Yesterday afternoon I was lucky enough to spend a couple of hours chatting with Dianne Taylor. Dianne is a volunteer at Newcastle Museum, who spends a lot of time talking to people and recording their stories as oral histories. She is an amazing lady, who believes that everyone has a story to tell'. By listening to these stories from so many different people in and around Newcastle, she has developed an incredible knowledge of the social and cultural history of the region. I was stoked to have met her.
Recently Dianne has been focused on collecting stories about surfing, and has been speaking with all kinds of people from Catherine Hill Bay to Foster to record their memories and knowledge about surfing in the region - breaks, people, anecdotes, events, understandings, relationships, shapers, shops, music, art and all the things that go into what it means to surf here. Like me, she is mostly interested in 'everyday' experiences and memories - things that are often dismissed as trivial or insignificant - so although she is keen to speak with Newcastle's better known surfers, she aims to include as many local surfers as possible. She has spoken to female, male, professional, recreational, indigenous, straight, gay, disabled, young, old, long and shortboarding, gathering a range of stories from the region's surfing history and cultural life to develop an archive for the Museum.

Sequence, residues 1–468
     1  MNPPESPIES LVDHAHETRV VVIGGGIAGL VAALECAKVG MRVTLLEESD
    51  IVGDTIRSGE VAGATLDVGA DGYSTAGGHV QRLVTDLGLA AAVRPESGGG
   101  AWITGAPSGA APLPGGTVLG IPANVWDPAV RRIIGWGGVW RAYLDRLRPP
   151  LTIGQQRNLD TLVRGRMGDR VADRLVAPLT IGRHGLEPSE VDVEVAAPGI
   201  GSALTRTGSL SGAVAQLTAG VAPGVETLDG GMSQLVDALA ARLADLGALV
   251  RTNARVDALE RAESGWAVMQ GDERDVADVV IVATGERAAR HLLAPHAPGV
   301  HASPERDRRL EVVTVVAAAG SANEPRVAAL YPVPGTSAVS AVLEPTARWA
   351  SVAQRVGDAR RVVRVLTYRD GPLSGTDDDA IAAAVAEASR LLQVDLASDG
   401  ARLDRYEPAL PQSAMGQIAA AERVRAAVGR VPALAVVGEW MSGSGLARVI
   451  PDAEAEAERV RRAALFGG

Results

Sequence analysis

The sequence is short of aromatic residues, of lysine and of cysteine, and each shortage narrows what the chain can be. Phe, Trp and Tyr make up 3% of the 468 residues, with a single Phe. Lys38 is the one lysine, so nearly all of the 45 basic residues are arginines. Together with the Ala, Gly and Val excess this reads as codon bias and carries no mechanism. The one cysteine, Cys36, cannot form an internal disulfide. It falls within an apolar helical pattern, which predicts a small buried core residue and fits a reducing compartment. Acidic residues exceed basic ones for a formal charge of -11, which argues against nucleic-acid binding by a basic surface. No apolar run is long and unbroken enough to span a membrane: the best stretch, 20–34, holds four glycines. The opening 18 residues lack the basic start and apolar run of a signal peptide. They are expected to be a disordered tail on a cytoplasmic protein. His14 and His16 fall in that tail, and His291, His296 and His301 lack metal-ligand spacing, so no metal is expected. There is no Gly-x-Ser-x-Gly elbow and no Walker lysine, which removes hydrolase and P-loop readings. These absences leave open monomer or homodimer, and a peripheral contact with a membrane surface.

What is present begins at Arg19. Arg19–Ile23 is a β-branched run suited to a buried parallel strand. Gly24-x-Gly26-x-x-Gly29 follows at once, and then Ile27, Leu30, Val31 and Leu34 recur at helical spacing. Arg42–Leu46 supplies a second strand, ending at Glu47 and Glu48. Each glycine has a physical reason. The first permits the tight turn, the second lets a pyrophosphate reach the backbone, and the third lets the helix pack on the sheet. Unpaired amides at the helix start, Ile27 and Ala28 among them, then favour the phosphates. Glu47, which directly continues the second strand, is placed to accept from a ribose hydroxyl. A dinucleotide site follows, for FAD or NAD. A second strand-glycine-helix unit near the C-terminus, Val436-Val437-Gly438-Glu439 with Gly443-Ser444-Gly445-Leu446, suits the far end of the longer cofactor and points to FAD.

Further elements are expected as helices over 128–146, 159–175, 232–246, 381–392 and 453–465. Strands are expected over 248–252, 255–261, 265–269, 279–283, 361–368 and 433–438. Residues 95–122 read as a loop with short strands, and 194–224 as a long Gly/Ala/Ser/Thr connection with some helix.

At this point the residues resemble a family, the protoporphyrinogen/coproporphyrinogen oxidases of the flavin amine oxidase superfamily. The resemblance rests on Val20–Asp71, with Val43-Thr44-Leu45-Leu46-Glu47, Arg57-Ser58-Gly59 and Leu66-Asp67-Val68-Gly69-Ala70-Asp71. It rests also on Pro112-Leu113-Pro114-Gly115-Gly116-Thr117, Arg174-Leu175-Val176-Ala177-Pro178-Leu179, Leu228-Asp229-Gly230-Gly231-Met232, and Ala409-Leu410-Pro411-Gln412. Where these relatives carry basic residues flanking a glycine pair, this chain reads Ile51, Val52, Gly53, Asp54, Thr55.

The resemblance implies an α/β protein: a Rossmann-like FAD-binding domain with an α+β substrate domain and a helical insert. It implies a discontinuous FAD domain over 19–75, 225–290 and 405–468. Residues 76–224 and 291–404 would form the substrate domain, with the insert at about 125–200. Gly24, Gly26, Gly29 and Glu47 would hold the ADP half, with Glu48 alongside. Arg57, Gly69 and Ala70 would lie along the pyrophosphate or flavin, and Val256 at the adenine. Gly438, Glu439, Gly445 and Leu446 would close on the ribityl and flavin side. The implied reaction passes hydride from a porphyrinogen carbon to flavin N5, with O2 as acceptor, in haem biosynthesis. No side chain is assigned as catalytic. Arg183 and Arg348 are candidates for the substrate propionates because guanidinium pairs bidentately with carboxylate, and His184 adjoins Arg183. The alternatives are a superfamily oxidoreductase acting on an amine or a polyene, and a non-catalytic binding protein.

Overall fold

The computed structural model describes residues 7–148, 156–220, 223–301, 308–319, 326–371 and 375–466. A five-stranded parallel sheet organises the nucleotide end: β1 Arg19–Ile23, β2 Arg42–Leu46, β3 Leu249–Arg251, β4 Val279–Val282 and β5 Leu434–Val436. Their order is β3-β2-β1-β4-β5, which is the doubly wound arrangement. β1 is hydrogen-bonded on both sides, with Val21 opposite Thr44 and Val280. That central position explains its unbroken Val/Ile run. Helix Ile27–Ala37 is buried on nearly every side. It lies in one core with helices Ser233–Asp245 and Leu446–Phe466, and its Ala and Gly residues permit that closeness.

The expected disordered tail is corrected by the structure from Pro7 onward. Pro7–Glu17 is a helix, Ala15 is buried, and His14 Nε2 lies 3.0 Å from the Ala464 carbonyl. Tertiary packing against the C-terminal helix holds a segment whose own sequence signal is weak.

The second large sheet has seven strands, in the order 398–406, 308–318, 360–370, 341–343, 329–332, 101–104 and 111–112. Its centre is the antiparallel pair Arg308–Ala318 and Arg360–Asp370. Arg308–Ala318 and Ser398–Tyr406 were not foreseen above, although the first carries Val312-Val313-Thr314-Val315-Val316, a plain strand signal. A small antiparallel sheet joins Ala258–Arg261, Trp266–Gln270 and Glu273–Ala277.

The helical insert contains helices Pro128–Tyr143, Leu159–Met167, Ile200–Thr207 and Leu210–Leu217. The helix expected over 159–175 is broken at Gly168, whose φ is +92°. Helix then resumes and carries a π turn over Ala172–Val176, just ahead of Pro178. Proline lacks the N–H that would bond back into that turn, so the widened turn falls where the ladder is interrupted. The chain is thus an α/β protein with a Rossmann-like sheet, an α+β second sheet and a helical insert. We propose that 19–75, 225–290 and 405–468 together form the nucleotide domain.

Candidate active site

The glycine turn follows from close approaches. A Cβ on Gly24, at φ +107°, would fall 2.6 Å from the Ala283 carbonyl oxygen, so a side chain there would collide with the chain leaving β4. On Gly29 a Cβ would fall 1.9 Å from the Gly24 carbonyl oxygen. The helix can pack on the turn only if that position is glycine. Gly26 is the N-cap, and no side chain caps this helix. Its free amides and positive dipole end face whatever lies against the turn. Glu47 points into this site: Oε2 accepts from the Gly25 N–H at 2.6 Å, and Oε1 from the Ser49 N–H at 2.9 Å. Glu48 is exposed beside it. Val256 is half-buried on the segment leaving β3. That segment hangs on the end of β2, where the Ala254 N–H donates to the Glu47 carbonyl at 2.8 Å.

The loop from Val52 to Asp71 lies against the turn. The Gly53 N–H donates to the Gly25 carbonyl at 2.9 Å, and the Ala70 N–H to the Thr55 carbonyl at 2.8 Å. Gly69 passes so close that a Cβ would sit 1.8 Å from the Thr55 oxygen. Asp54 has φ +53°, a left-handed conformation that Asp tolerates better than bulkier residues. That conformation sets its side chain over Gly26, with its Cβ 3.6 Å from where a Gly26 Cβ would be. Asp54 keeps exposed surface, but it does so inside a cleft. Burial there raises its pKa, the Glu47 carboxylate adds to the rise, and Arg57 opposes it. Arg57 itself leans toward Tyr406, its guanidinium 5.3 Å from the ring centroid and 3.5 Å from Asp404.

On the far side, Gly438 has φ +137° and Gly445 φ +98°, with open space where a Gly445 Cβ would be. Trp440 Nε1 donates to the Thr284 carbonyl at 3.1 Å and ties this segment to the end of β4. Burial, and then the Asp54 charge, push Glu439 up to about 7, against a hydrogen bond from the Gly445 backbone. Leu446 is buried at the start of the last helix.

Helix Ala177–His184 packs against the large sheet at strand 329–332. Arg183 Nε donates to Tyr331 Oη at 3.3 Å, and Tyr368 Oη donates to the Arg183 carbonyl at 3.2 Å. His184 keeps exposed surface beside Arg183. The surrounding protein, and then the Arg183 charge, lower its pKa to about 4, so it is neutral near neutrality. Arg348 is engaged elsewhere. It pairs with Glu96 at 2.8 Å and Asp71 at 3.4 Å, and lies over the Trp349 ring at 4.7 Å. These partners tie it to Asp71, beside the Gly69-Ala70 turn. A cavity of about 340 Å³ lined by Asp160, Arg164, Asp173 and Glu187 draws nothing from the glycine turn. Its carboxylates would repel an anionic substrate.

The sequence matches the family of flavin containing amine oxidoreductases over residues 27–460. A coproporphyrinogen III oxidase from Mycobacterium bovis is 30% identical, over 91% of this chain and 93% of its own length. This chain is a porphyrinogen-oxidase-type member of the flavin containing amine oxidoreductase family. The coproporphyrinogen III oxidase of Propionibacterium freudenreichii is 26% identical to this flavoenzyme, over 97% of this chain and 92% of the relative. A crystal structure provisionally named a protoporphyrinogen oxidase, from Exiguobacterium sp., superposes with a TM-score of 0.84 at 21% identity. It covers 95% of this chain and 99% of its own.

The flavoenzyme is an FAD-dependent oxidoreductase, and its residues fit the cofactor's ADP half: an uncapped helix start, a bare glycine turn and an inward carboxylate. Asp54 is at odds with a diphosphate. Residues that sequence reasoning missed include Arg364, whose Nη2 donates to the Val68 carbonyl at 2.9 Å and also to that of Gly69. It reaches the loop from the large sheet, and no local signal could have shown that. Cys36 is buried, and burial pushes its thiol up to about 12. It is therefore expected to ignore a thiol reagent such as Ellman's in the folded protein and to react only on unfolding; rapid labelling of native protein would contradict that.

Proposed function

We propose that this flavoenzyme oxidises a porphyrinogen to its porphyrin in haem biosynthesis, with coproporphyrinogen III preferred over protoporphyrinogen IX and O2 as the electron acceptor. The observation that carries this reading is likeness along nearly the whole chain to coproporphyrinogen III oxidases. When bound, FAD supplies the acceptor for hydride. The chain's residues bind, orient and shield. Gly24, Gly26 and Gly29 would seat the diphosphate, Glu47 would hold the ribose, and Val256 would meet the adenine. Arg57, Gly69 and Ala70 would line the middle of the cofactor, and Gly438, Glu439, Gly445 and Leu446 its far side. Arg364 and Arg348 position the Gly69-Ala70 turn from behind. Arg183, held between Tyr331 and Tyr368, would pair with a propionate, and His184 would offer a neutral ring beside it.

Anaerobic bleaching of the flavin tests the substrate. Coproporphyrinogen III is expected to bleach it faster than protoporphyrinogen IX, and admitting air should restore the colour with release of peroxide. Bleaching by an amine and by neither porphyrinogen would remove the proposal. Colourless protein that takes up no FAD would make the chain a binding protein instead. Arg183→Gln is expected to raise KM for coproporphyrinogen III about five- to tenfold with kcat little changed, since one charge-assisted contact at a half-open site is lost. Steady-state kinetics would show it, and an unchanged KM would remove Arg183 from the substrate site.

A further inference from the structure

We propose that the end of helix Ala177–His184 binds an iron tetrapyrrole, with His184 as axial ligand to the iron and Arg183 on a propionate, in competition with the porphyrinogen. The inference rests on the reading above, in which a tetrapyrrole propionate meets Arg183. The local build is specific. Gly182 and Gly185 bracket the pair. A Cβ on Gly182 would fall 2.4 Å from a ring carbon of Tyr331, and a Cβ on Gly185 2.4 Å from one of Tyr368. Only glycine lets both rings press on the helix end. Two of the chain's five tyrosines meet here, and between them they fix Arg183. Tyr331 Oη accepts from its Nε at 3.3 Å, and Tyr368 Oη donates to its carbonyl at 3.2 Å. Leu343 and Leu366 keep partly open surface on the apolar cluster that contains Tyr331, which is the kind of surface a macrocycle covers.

If you would like to learn more about Dianne's oral histories, or if you would like to have your own stories recorded, drop me a line and I can put you in touch with Dianne. Dianne is creating an incredible resource and I am excited about the ways it could be used in the future, so I heartily encourage you to consider taking part by contributing your own surfing knowledge, understandings and experiences to this collection - saved for perpetuity in the Newcastle Museum. After all, as Dianne says, everyone has a story to tell.